Lin described his experience by stating that his pain “wasn’t subtle” and that it was “like being in the heart of a trauma all of the time. It was all consuming, but coming from a part of the body that literally no longer existed. I was desperate. I felt like I was gasping for air in a pool, looking for relief.” However, after the psilocybin and MVF therapy, Lin stated:
“The pain was gone. I did handstands. It was a profoundly spiritual moment. My mind had a map of my body and it was experiencing severe feedback issues, but it had to let go of that map through a sort of ‘state of ego death’ in which the psilocybin allowed the mind to reject the old map and create a new one. Now, I occasionally have a jolt of pain, but it’s mostly gone.”
One of the researchers’ theories is that psychedelics cause the activation of the 5-HT2A serotonin receptor, which assists the brain in making new connections. They wrote, “It is possible that the psychoactive effects of psilocybin are accompanied by an increased state of cross-modal functional connection and neuroplasticity via serotonergic effect…If this is the case, then the psilocybin might both make the brain more receptive to mirror therapy and make the pain reduction last longer or even disappear.” Essentially, they theorize that the combination of psychedelics and MVF worked together to rewire Lin’s mind.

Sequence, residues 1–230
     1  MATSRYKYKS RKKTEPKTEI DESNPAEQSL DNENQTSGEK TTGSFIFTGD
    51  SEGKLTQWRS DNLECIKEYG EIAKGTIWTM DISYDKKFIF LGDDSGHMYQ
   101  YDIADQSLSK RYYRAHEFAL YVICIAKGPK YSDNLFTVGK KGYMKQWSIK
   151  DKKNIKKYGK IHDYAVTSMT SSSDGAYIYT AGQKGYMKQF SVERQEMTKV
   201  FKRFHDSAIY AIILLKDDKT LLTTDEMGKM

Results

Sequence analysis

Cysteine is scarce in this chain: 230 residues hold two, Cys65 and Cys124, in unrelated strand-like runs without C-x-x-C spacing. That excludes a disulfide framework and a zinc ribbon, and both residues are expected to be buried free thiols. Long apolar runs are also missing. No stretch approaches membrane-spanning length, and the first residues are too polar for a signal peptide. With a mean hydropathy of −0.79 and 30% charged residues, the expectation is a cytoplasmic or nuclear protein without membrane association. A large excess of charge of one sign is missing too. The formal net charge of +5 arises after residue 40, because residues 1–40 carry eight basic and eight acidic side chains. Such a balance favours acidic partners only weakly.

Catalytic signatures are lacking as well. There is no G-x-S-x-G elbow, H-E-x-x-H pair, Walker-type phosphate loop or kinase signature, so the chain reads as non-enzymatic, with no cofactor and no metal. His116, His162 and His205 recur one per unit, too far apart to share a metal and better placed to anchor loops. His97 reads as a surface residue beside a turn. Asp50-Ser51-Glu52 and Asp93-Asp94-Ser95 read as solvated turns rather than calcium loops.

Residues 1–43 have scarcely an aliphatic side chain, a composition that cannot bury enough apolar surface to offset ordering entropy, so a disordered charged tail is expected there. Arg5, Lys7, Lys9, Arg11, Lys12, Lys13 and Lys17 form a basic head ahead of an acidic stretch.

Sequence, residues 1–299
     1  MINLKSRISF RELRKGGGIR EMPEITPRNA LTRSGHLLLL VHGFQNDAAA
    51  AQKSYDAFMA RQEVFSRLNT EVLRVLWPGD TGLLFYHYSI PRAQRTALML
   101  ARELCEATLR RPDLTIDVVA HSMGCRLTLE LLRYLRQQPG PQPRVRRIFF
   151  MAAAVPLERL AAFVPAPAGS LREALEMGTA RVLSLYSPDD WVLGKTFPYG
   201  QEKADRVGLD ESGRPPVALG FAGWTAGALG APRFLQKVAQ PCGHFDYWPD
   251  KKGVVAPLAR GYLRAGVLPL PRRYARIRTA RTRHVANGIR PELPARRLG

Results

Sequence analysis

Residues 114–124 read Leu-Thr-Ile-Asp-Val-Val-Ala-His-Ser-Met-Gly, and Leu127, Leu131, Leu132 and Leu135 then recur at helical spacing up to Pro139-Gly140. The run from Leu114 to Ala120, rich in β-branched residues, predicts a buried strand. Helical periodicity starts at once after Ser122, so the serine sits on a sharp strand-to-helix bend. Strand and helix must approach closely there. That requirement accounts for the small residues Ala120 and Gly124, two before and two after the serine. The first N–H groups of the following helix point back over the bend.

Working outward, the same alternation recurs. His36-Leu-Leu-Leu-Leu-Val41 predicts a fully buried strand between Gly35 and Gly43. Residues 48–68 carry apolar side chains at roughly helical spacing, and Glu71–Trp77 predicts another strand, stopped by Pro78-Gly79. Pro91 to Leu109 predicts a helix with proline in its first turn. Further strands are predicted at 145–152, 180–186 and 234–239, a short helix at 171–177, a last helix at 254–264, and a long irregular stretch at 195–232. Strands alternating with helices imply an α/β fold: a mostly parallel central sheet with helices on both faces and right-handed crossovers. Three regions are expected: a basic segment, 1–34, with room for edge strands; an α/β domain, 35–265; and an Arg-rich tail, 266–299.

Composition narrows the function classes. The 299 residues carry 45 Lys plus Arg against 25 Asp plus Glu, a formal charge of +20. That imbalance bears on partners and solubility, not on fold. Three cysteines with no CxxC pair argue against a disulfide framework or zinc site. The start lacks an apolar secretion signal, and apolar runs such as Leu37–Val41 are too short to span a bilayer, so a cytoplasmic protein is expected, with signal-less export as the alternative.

Now, Lin is able to enjoy physical activities such as swimming and hiking with the help of psychedelics to keep his PLP at bay (along with the use of his prosthetic leg). Two years after their research was published, researchers from the same university further investigated the link between psychedelics and chronic pain by compiling the existing research available on psychedelics (mainly psilocybin and LSD) for chronic pain.